Even though the human one, Jesus Christ, left this earth almost 2,000 years ago, it did not end the relationship. He left the gift of the Holy Spirit – the ongoing, continual, indwelling presence of God within each believer. Through the Spirit God became “as close as our next breath.” We can walk and talk and hear from God through the Holy Spirit each moment as we live out our life. May we embrace the presence of the Holy Spirit each day, ever drawing closer to always doing God’s will.

Prayer: Lord God, help me today to tune into you and into who I am in you. Attune my ears and heart to your Spirit voice within me and dial my mind into becoming more of who you created me to be – spiritually, emotionally, relationally. Make me wholly yours. Amen.


Leave a comment

Always

Reading: Philippians 4:4

Verse 4: “Rejoice in the Lord always. I will say it again: Rejoice!”

Photo credit: Greg Rakozy

What was the hardest thing you went through in the last few weeks? What was your greatest struggle or challenge to your faith during this time? When have you felt the temptation of sin – anger, gossip, jealousy, pride, judging… – recently? How have others wronged or otherwise hurt you during the past few weeks?

Were you able to do as Paul says today? In those times of hardship or trial or suffering were you able to “rejoice in the Lord always?” This is our encouragement today. And “always” Paul says! So, how does one rejoice in the midst of such difficult situations or circumstances? It begins with another “always”: the Lord is always with us. The Lord’s presence never leaves us. In moments of anger or frustration, Christ is there to bring us peace. In moments of temptation, Christ is there to bring us strength. In moments of despair, Christ is there to give us hope. In moments of sadness, Christ is there to comfort us. In all things, Christ is always there with us. Whether by prayer, by turning to the scriptures, or by fellowship with other believers, we can be reminded of how to find all we need in Jesus Christ.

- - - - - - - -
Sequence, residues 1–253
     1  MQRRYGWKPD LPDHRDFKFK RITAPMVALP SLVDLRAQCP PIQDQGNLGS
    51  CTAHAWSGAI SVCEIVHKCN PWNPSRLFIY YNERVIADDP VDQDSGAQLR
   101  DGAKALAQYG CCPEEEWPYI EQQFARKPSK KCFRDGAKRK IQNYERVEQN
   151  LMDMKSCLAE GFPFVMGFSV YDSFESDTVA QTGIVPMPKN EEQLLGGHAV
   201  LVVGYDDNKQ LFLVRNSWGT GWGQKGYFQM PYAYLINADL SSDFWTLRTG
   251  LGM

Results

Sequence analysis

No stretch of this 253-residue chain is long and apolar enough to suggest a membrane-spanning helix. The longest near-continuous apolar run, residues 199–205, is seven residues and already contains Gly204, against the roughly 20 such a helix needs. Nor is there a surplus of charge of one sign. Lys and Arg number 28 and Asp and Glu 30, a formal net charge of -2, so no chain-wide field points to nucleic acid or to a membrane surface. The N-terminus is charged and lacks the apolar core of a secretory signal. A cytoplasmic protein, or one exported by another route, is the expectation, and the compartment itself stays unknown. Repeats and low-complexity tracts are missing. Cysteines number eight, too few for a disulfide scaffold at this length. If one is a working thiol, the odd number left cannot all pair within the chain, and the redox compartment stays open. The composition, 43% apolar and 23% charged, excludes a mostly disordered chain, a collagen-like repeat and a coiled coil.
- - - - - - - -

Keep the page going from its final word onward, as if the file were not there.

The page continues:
This is reason to rejoice. But there is another reason: it is part of our witness to our faith. When we walk through the trials… in faith, others notice. The world, for example, reacts to anger with anger. When we choose to react to anger with empathy or kindness or by seeking understanding, we provide an alternative way to be in the world. The joy, hope, peace, strength, comfort, grace, assurance… that we live with in the difficult and hard times reveals our faith in the one who is always with us. This day may all see Christ within us.